Draw around your back bodice. I'm not creating a waistband on the back and the only amendment I made was to remove the shoulder dart. This only works if the dart is very small {under 1.5 cms!}I simply took the measurement off of the shoulder/armhole edge and re drew the armhole ~ make sure your shoulder seams match by making the same amendment on the front bodice too if necessary.

I needed to ensure the necklines would match so I lined up the front and back bodice on the shoulder line, took off the difference at the armhole edge because of the amendment explained above, and drew in the new neckline shaping. The back neck sits 1cms higher as the strap will be inserted here.


The Sleeve

Draw around your sleeve block making sure both the centre and elbow lines are balanced.

Decide on required length ~ I measured from my shoulder joint down to where I felt the sleeve would look good and used this measurement.

Then divide the sleeve evenly ish into 4 sections. I always number them and make sure all notches are marked!

Then slash up each line and space out the sections. I spread the sleeve more at the sleeve head to create a nice puff and less at the sleeve cuff. I did this by eye rather than measuring but if you spread at the top by 2.5 cm between each section and 1.5 cms at the bottom of each panel you would get a nice sleeve. The more you spread, the bigger the puff!

Draw around your new sleeve and add seam allowance and transfer all notches.


Finishing the Waistband and Front Skirt

Line up the waistband panel and front skirt. Draw in your point on the skirt then cut this off and stick it onto your waist band.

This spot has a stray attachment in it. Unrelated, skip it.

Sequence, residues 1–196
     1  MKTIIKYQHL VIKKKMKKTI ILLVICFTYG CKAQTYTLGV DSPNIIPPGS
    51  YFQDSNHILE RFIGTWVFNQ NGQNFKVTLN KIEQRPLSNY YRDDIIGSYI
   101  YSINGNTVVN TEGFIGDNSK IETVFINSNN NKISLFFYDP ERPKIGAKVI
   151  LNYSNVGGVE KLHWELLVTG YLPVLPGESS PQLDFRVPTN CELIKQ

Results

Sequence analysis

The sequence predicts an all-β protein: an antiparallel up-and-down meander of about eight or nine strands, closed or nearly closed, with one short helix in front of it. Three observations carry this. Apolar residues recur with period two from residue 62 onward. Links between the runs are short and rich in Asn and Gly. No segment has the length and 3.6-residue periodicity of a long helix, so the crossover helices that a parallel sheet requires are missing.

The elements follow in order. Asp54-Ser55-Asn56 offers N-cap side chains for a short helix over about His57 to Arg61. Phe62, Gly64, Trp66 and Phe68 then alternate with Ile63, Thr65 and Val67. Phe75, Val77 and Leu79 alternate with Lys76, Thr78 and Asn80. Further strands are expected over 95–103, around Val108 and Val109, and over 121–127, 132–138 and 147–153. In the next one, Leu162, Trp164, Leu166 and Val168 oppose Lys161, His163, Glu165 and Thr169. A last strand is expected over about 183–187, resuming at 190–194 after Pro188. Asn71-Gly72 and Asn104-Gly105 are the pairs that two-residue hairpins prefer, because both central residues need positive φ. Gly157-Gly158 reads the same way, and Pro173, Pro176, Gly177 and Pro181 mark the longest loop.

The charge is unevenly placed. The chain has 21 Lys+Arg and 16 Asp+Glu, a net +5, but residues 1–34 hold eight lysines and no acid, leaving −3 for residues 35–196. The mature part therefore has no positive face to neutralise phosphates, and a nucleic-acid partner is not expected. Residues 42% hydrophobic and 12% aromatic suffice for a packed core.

Draw around all your dress pieces and add seam allowances and label each piece with relevant details. I added seam allowance at the front skirt too rather than cut on fold as I wanted to retain that vintage feel of 1940's dresses. They often had lots of panels, or gores to accommodate the narrow bolts of cloth that were used at the time. I also added seam allowance to the front of the bodice.


The Finishing touches

To make the straps for both the front and sleeves, I made 1cms bias binding and pinned this in place on the stand so there isn't a pattern for this as such. I also made some bows out of the bias biding and added a tie at the back~ this is a Bondage dress after all!

I created the sleeve shape at the cuff by sewing a central box pleat and then topstitched on bias binding to make the tie. Et Voila ~ my 1940's bondage dress was done! I have to say I've already worn it loads ~ it's so comfortable but I also feel rather glam and a little bit naughty which is exactly how I want to feel in my clothes!


I hope you enjoy this pattern drafting guide and give it a go yourself! Pattern drafting seems like such a difficult thing to do and I was totally useless when I started out, but I just practised my nipple tassels off and now it's almost second nature! Don't be daunted ~ give it a go!


Love, Tara x